Research Methdologies and Mis Research

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RESEARCH METHDOLOGIES
AND MIS RESEARCH
A. Milton Jenkins
Indiana University
U.S.A.

Abstract
This paper describes the process of conducting research emphasizing the steps of defining the research objectives and selecting an appropriate research methodology. The various research methodologies employed in MIS research are described and then compared based on their relative strengths and weaknesses. The thesis of this paper is that a clear, unambiguous statement of the research objective is necessary to enable the selection of an appropriate research methodology and that the selection of an appropriate methodology is critical to ensuring that the research will contribute to the body of knowledge in MIS.

Introduction
The objective of this paper is to describe and discuss the process of conducting research, the role of research methodologies, and the quality of current research in the Management Information Systems (MIS) field. Two fundamental assertions are made. The first is that there is a fundamental research process, and that it is applicable to all research. Each step in this process is necessary in all research projects. The extent to which a researcher remains aware of these steps significantly impacts the quality of his/her research. Skipping any step will seriously limit the study’s contribution to knowledge in the field. The most critical step in the research process is the definition of the research topic. This step must produce a clear and precise statement of the objectives of the study. An unambiguously stated objective is essential in guiding the decisions and tradeoffs that are required in the next and subsequent steps.

The second assertion is that there are a large number of research methodologies that are applicable to MIS research. Given the diversity of the MIS field, it is folly to assert a “one best way” approach to conducting MIS research. However, the selection of a “best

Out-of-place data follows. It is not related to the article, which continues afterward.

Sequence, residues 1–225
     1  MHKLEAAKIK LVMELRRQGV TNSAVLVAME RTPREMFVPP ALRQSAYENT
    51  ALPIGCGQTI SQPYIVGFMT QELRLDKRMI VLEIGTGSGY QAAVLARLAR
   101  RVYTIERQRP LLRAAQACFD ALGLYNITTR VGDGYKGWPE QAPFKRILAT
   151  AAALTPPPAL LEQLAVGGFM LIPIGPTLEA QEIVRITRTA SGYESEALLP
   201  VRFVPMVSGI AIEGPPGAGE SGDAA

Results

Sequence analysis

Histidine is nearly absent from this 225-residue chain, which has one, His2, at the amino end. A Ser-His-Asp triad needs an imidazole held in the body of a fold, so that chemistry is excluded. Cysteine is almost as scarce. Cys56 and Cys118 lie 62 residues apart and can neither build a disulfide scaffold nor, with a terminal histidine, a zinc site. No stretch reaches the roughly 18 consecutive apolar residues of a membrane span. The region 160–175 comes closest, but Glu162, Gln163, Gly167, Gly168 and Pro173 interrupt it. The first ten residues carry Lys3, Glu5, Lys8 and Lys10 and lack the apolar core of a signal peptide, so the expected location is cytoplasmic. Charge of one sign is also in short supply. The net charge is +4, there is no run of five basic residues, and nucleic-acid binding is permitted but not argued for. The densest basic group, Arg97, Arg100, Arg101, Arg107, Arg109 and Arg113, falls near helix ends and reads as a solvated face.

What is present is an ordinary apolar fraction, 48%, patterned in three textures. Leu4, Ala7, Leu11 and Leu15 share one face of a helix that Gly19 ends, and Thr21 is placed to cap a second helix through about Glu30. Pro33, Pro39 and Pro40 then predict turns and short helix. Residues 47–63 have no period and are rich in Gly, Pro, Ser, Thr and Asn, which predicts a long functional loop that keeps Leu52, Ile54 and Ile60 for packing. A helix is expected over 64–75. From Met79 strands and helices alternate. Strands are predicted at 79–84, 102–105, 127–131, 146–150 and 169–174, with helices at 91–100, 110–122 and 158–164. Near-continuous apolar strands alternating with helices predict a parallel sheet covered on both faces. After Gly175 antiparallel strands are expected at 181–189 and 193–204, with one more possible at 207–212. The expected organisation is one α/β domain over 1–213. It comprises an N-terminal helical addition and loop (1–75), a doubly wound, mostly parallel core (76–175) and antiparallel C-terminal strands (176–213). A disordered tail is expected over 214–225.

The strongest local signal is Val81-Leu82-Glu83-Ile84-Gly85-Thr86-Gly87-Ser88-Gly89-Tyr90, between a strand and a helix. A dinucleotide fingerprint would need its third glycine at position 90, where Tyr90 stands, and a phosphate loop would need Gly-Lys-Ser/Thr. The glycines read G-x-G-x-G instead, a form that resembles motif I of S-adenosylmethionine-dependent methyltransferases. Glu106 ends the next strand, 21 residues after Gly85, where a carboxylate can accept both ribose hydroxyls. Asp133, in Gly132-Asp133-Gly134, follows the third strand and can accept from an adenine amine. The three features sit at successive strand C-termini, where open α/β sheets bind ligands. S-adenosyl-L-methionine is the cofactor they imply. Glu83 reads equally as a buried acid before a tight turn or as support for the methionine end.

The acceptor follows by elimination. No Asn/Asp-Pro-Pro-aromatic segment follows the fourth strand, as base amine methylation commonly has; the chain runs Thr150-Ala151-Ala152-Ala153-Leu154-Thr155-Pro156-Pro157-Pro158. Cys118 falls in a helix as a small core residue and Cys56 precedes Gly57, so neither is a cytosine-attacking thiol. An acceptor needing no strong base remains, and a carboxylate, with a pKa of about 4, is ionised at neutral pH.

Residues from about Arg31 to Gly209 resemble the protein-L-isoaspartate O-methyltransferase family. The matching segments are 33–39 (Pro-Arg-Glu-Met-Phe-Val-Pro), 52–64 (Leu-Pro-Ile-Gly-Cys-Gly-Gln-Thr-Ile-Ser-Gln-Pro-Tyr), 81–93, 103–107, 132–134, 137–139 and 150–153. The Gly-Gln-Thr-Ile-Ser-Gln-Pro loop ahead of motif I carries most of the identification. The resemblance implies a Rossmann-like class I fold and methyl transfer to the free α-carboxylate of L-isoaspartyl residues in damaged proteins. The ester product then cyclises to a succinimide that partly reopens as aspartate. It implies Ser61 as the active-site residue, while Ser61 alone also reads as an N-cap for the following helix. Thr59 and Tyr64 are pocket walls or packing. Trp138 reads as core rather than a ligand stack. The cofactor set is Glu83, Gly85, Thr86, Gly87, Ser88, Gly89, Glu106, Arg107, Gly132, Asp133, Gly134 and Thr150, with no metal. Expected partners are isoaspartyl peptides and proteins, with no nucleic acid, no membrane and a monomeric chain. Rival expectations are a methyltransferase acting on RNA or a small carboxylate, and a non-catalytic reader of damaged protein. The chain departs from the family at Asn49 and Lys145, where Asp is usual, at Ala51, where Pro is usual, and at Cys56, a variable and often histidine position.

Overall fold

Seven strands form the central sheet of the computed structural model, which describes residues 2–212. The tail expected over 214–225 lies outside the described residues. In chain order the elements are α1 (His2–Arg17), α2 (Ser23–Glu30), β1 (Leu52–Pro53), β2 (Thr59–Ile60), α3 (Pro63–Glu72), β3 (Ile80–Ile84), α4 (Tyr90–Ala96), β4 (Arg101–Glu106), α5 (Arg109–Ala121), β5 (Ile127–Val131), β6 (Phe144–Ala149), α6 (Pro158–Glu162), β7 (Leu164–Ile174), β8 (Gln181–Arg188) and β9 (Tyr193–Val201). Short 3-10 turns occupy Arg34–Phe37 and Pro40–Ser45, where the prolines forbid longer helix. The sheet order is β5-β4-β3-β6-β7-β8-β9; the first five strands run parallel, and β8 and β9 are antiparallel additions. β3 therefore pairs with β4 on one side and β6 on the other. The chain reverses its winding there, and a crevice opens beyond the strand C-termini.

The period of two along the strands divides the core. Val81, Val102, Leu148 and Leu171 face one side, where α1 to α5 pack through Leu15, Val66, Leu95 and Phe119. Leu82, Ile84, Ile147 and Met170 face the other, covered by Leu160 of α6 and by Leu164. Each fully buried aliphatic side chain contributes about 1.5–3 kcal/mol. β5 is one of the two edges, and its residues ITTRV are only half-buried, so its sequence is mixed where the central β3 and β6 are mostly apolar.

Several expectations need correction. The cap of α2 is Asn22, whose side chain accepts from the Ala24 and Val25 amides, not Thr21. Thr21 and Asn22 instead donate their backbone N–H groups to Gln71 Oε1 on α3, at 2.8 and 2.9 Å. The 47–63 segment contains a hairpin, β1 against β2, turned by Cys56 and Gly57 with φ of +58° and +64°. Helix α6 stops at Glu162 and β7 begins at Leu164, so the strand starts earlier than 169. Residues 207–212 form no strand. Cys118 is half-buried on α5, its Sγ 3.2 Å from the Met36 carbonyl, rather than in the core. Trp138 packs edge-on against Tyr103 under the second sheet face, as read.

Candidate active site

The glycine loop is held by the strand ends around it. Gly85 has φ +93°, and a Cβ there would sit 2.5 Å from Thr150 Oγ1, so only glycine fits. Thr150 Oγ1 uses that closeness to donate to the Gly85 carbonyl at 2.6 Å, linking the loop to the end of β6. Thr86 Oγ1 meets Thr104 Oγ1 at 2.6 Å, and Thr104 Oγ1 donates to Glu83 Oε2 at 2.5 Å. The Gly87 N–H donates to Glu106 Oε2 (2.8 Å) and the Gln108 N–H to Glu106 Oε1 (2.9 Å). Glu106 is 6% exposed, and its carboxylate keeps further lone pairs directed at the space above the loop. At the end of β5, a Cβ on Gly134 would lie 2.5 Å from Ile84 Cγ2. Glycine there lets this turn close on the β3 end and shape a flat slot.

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methodology” for any particular research project is critical to the resulting quality and value of that project. The selection of the best methodology must be determined within the context of the research objective.

This paper briefly illustrates the diversity that characterizes current MIS research. Next the research process is superficially described. Countless books have been written describing each of the steps in this process and the systems within which it operates. (Selected references to a few of these works are provided.) Next, a major decision within one of the steps in the research process (research strategy) is examined. The decision is the selection of the appropriate research methodology, a methodology that will best facilitate the researcher attaining her/his stated research objectives. The key to selecting the best methodology for any research project is recognizing the available methodologies and understanding their relative strengths and weaknesses. Consequently, this section of the paper provides a comparative analysis of the vast majority of research methodologies that have

been employed in MIS research. Finally, the paper concludes with some observations and comments on current MIS research activities. These comments and observations are principally based upon the
author’s experiences over the last eight years as an editor for MIS research on several journals and in conducting seminars with MIS doctoral students that focus on critically evaluating the MIS research literature. Others have put forth similar comments; for example see Dickson et al. (1980), Ives et al. (1980), and Keen (1980). These comments and observations are intended to stimulate thought and discussion.

Diversity in MIS Research
The purpose of this section is to provide a brief illustration of the diversity commonly encountered by an academic researcher in the MIS field and the consequent need to employ various research methodologies. These examples are drawn from the author’s work over the last few...
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